The movie is more than three hours long, but when I paused it to pee I was amazed that only twenty minutes remained. I was into it all the way, and by the end it was one of the rare movies that left me wishing there was someone to have a cup of coffee with, and talk it over.

It ends with this on-screen epilogue: "It was in the reign of George III that the aforesaid personages lived and quarreled; good or bad, handsome or ugly, rich or poor, they are all equal now." When I first read that, I thought Kubrick was saying there's equality in death, that paupers and the wealthy are both destined to be eaten by the same worms. 

A few minutes later, freezing the frame to type those words, the sentence jumped at me from a different direction. Maybe he's saying that this story was from an earlier era, but that now, in our allegedly enlightened times, all men and women are of the same status before man and god. Yeah, I think that's what he's saying, and being no dummy Kubrick is of course saying this sarcastically.

Based on the novel by William Makepeace Thackeray, this took Oscars for John Alcott's cinematography, as well as set direction, costume design, and the music by Leonard Rosenman (who later wrote my favorite Star Trek score, for Star Trek IV). For Best Picture, script, and direction, Barry Lyndon lost to One Flew Over the Cuckoo's Nest, which is a movie I like quite a lot, but it's frankly ordinary compared to this.

Verdict: BIG YES.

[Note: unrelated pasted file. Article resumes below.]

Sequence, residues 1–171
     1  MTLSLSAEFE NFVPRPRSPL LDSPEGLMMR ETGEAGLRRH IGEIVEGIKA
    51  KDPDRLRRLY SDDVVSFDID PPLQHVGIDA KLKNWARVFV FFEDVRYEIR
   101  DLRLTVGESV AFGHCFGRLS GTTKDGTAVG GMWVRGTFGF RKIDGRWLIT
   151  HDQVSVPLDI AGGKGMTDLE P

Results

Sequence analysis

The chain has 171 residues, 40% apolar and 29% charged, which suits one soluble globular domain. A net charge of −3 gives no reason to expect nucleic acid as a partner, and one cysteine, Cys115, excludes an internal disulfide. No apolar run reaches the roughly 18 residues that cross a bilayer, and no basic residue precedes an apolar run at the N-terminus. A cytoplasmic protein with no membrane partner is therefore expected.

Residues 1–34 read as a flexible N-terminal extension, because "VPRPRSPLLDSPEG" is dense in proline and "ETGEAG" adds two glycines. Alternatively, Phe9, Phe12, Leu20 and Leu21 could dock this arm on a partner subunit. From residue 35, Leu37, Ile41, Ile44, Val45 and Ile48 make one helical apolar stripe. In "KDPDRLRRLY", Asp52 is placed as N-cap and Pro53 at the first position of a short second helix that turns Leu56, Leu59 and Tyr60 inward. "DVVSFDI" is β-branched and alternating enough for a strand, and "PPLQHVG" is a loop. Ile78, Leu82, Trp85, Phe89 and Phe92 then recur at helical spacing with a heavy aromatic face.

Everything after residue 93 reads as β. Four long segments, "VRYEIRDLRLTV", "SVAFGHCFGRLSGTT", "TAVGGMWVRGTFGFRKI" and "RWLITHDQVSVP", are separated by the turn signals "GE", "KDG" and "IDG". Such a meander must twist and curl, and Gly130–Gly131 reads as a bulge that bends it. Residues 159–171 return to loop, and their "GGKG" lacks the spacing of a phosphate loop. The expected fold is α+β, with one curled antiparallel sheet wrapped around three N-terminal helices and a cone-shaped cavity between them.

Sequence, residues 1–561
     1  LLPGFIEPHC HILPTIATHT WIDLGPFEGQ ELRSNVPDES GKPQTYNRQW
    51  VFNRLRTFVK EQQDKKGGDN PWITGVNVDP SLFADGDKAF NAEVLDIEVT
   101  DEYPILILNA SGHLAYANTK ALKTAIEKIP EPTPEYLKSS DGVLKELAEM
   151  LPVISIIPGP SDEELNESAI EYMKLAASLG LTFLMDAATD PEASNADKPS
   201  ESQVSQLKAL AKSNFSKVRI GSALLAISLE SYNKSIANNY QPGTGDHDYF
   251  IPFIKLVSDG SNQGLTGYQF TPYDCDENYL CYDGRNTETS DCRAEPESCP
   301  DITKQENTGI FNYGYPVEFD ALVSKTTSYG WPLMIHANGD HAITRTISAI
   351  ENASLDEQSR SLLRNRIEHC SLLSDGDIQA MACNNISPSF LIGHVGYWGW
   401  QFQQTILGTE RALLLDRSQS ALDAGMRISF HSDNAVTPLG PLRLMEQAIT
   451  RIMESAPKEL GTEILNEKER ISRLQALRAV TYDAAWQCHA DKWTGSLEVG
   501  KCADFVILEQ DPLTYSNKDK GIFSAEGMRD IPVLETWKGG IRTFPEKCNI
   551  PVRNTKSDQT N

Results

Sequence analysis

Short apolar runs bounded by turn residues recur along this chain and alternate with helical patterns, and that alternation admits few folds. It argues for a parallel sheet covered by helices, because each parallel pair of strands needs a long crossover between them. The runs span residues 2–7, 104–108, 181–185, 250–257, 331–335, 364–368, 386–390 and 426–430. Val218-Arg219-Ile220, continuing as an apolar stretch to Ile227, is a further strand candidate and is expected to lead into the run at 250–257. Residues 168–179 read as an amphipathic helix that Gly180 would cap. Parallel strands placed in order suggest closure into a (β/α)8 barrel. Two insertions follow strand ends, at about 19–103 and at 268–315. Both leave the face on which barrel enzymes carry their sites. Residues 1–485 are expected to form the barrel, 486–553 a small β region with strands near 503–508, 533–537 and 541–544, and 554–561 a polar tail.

♦ ♦ ♦

Exit Through the Gift Shop (2010)
Streaming free at YouTube

Art is beautiful, and 'art' is a scam. That's my takeaway from this fluffy profile of Thierry Guetta, aka street artist Mister Brainwash.

When the movie starts, Thierry is a very financially secure Frenchman living in Los Angeles. He owns a high-end boutique, and probably has other assets unmentioned, because instead of working or worrying about the boutique, he spends all his time carrying a camera and filming whatever he sees.

When Guetta sees people clandestinely painting and postering sidewalks and buildings, he films them, and begins buddying around with some of L.A.'s more famous street artists, including Space Invader and Shepard Fairey.

This eventually leads to a connection with Banksy, the anonymous celebrity artist, who appears in this film (if it's really him) in shadows and with his voice disguised. He's also billed as the film's director, which is certainly bullshit, but what's he gonna do about it? Can't sue without unmasking himself.

Meanwhile, Guetta keeps filming everything, leading these artists to believe he's making a documentary, but in reality he only films because he likes holding a camera, and he's quite possibly a little hollow in the head. He never looks at the video footage, though, never edits it, just stores it in boxes, and he has no idea how to make a movie. 

So he puts his camera away and decides to re-invent himself as one of the famous street artists. He uses his considerable wealth to stage a huge show of his art, and it's a laugh watching the hierarchy of street art respond, as Guetta christens himself Mister Brainwash, and a new star is born.

Narrated by movie star Rhys Ifans, the film is an unintentional exposé of the art scene. At a baseline every piece of street art is a prank, and I do love a prank, plus many of the works are good.